Do you remember when Chinese fortune cookies were like horoscopes? They would actually give predictions of things that might happen to you in the future.
For example, about a dozen years ago I got this fortune in a cookie.
Cool, huh? At first I was really excited. But then I got to thinking about the words “three months from this date.” What date is “this date” supposed to mean?
Is it the date I opened up the fortune cookie and read the fortune?
Is it the date the fortune was printed on the little slip of paper?
Is it the date the little slip of paper was inserted into the fortune cookie (by whatever magical means they use to do that)?
Depending upon the answers to those questions, three months from “this date” may have passed long ago. Maybe I missed the window of opportunity to realize the good things that were in store for me. And that just depressed me.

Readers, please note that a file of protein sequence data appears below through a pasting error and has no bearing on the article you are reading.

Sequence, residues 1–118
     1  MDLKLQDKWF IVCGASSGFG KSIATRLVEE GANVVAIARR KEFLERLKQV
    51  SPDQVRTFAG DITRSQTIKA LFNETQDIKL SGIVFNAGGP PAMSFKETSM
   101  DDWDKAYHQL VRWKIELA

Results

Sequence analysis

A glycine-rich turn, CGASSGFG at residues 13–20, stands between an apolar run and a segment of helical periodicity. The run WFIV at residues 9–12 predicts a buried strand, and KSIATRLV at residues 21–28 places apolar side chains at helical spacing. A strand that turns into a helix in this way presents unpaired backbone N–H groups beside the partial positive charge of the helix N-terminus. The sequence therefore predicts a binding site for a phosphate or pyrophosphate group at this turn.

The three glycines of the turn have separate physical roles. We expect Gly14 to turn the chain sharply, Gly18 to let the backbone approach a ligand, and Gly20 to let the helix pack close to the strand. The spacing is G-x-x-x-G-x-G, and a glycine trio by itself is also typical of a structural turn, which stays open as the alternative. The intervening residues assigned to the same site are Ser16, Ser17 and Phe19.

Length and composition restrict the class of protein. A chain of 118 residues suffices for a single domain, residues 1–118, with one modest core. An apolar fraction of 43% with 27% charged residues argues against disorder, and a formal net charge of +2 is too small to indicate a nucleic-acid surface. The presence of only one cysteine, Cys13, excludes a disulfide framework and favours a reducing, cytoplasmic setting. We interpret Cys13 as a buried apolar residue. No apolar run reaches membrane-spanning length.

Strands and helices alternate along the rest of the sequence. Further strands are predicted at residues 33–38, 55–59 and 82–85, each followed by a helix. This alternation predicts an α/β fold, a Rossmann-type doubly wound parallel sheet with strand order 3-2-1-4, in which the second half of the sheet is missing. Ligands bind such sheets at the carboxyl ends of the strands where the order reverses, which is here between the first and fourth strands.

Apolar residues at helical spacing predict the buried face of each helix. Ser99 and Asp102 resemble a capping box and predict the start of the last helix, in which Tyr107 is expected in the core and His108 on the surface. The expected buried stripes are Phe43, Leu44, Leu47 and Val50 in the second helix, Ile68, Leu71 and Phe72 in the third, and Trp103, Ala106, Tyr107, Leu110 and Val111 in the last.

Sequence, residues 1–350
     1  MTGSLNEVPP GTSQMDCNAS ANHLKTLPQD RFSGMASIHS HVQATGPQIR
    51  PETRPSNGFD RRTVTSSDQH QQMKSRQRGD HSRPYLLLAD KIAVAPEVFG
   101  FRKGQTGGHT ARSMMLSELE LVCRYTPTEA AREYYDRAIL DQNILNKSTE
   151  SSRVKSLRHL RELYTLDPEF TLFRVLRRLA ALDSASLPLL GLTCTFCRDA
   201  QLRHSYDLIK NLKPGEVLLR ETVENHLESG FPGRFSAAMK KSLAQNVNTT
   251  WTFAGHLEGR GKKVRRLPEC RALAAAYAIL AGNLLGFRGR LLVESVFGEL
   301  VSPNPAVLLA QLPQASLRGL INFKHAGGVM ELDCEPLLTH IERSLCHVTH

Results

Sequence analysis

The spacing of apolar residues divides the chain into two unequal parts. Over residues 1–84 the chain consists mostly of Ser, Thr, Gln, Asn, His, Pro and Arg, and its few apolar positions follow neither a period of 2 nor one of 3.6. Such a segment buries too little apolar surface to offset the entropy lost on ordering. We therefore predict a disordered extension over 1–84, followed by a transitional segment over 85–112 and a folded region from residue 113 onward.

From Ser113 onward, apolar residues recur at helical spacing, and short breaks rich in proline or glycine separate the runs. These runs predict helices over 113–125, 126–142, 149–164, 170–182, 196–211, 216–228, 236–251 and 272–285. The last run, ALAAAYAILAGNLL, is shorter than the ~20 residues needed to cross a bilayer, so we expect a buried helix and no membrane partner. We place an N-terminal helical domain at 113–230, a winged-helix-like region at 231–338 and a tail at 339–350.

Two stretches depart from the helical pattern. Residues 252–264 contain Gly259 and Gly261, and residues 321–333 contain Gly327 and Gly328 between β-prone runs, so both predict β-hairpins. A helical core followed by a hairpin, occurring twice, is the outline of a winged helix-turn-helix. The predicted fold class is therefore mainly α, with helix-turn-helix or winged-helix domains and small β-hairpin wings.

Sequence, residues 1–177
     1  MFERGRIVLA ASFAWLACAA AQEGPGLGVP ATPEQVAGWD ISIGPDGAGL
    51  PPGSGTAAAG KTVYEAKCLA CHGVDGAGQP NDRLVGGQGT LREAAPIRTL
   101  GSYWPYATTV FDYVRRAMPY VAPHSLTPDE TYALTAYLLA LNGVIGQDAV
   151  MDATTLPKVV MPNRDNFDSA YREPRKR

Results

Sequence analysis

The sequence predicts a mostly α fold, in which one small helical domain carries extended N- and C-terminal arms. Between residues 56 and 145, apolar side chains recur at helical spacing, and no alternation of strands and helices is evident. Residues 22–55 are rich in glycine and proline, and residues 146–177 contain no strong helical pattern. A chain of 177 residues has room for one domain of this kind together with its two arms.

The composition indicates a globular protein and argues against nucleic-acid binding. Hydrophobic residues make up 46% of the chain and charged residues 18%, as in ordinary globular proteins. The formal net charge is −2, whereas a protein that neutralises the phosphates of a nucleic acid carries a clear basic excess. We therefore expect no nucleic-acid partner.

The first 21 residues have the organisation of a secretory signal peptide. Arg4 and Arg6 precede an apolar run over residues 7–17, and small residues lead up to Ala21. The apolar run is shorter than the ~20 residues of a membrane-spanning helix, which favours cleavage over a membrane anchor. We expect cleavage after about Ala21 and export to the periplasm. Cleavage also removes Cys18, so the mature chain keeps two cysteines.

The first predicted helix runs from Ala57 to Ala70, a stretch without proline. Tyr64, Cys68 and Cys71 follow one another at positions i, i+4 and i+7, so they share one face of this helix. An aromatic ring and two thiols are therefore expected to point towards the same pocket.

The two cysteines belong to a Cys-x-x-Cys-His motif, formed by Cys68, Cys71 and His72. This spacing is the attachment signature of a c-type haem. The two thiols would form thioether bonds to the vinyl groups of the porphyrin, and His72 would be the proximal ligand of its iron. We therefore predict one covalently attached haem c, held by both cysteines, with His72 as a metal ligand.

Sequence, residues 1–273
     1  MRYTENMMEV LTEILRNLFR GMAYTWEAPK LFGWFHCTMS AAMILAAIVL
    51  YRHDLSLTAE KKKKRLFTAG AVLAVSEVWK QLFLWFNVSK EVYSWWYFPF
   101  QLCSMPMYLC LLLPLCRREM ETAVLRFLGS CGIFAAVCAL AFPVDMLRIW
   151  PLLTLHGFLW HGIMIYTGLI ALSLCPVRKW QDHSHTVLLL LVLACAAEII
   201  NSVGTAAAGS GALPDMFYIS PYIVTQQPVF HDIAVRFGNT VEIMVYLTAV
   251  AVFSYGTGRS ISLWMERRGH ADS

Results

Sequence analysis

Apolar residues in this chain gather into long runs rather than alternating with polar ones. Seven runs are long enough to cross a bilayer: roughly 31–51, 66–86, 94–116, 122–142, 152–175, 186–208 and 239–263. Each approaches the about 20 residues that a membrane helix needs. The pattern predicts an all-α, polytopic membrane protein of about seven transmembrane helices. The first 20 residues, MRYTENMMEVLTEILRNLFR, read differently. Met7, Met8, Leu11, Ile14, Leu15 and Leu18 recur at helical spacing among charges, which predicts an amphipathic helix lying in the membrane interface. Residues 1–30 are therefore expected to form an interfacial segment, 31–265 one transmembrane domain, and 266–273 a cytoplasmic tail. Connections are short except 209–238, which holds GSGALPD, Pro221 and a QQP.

But I digress. My point is that the little slips of paper inside today’s fortune cookies seem to be filled with empty platitudes, trite little clichés, and “inspirational” sayings. And since the cookies themselves aren’t all that delicious, I usually end up throwing them out without opening them whenever we get Chinese takeout.
However, last night I went out and picked up some takeout from our local Chinese restaurant and I decided to indulge in a fortune cookie that was included with the food and when I read the “fortune” it said this:
I thought that was a rather philosophical “fortune” to find inside a cookie. But it just didn’t sound like something from far eastern philosophy, so I googled it. Turns out the quote was from the late Stanford University President David Starr Jordan back in 1903.
Who knew that Chinese fortune cookie “fortunes” were made in America?